New Music for Old People: A Tribute to Adrian Belew

By , Columnist

First of all, don’t get nervous. This is NOT a posthumous tribute. Alive and well, Adrian Belew is regarded as one of the foremost innovative guitarists, singers, songwriters and sidemen in the history of rock. Mostly influenced by Jimi Hendrix and The Beatles, he slowly carved his way into the music world. Born in Covington, Kentucky in 1949, Robert Steven Belew changed his name at age 21 to Adrian, one he had always liked. I was born Alan Peter Kuperschmidt and my Dad changed our last name to Kooper the year after I was born. I discarded the Peter in junior high school. That is where my resemblance to Adrian Belew ends.

In 1970, Frank Zappa discovered Adrian in a club called Fanny’s in Nashville, and scooped him into his backup band. While touring with Zappa, Adrian met David Bowie, who was so knocked out with him he grabbed Belew after Zappa’s tour ended and took him into his backup band. Adrian graced Bowie’s albums Stage and Lodger. That would have been enough for most people. While touring with Bowie, he dazzled Talking Heads and played on their albums Remain In Light and The Name of This Band Is… By 1981, Adrian was asked by Robert Fripp to join the newly reformed King Crimson.

His solo career began in 1982 with his debut album The Lone Rhino. In 1982 his second album Twang Bar King was released to sparkling reviews. He also performed on recordings by Laurie Anderson and Paul Simon. Okay...that’s enough. All during this time, I became a big fan. When we both moved to Nashville around the same time, we got to spend more time together. I would now like to present my fifteen favorite tracks featuring Adrian, as well as a live cover of his song “Heartbeat” that I recorded in 1994 at my 50th birthday show.

EDITOR'S NOTE: Tracks 6, 7 and 8 have their own individual players in-line with the text. Don't miss them!

Dec052014 by Willow on Grooveshark

1. “Figure It Out” — The Bears (2:41)

This was a band Adrian was in prior to his early successes. They re-formed and put two albums out. This is from the second one and shows some of Adrian’s ‘60s roots.


2. “The Lone Rhinoceros” — Adrian Belew (2:32)

This is the title song from his debut album in 1982. The lyric was the first of many that chided mankind for its behavior toward animals throughout time.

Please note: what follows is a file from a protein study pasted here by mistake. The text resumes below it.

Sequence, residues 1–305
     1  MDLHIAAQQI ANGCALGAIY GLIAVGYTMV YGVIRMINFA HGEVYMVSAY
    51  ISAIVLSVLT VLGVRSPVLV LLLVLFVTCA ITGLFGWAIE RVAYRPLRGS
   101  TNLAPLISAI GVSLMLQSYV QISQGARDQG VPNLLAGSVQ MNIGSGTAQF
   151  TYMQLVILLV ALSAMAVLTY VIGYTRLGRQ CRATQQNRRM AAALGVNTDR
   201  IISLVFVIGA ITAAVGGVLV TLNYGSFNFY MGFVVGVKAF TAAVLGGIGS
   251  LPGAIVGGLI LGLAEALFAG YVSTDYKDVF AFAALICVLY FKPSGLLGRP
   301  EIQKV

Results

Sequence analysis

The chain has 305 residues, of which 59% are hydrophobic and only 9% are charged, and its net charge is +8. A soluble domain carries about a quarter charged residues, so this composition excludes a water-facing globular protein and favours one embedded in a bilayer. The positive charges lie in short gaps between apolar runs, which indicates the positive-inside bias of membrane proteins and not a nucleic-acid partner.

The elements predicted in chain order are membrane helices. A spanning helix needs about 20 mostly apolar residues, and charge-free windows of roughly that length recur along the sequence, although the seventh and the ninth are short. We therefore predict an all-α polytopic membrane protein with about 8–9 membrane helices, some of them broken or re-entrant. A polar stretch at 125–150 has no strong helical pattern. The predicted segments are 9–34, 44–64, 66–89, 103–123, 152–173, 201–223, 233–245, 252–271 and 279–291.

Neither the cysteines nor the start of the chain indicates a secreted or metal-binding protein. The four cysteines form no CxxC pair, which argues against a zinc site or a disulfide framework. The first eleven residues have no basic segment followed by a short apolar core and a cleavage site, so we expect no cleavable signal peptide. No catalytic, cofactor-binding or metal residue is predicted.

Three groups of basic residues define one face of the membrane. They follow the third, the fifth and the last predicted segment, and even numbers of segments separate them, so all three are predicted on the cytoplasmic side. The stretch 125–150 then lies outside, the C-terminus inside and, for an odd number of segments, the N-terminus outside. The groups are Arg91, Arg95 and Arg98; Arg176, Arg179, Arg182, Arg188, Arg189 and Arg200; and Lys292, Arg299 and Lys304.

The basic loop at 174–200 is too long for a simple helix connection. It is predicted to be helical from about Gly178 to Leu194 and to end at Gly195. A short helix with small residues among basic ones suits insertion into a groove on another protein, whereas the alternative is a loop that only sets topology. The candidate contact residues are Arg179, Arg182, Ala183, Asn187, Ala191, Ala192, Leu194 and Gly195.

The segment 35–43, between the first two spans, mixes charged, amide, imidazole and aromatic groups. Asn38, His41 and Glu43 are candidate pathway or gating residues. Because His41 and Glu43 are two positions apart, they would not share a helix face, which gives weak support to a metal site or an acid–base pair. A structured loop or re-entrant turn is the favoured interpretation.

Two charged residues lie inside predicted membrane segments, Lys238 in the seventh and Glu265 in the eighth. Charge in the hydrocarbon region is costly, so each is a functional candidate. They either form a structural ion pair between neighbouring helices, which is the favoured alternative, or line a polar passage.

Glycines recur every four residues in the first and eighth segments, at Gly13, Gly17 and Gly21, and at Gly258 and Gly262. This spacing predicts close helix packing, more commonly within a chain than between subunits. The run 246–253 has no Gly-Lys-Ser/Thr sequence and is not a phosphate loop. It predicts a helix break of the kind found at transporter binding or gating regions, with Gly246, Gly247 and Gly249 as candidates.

3. “I Wonder” — Adrian Belew (2:52)

This is a big fave in MY house. A great song, arrangement, and production all wrapped together in under three minutes. I should also point out the totally tasty guitar parts. Too bad Leo Fender never got to hear this.


4. “Postcard From Holland” — Adrian Belew (1:24)

I think there are a total of three Adrian “postcard” songs. This is my favorite one because he got everything covered in less than a minute and a half. It’s always refreshing when a lyricist has and exercises a vibrant sense of humor.

5. “Another Time, Another Place” — Adrian Belew (2:44)

This one has some Beatle-esque touches and always makes me wonder what George Martin and Adrian could have created together all those years ago.

6. “Frame By Frame” — King Crimson (3:03)

On paper, the combo of Robert Fripp and Adrian armed with uber-brains and guitars was an excellent idea. But this shows how even beyond that it was in fruition. This puts the prog in progressive rock. Kind of an unbridled masterpiece to enjoy if you’re a progger; and perhaps even if you’re not. Both guitars do be blazin’!


7. “Matte Kudasai” — King Crimson (2:52)

This is the second of three fruitful results of Adrian’s stay in King Crimson, a rare ballad dripping with Adrian’s touches and less Fripp than usual. Robert probably took the advice of the song’s title, which means “please wait” in Japanese. Over the years Adrian has toured frequently in Japan and musically that influence is apparent in many aspects here.

8. “I’m a Dinosaur” — King Crimson (3:58)

Perhaps the most Lennon-like of all Adrian tracks compositionally and vocally from the second chorus on. I could EASILY have heard John sing this or maybe thought that he had written it. This is in my top five Adrian creations. Originally, there was an acoustic version on one of his solo albums prior to this recording. This is Killer Crimson.

9. “May 1, 1990” — Adrian Belew (3:01)

I remember seeing this live and being amazed that he played the piano part on a guitar synth. Adrian’s first marriage happened early in his career and lasted a while, including a few offspring. This song and the previous “I Wonder” (and probably still others) tell the story of that marriage’s eventual dissolution. I put this also in Beatle-land, especially the chorus. This is another self-contained Belew masterwork with all instruments played on guitars and guitar synths. But step back and this is initially a great piece of songwriting.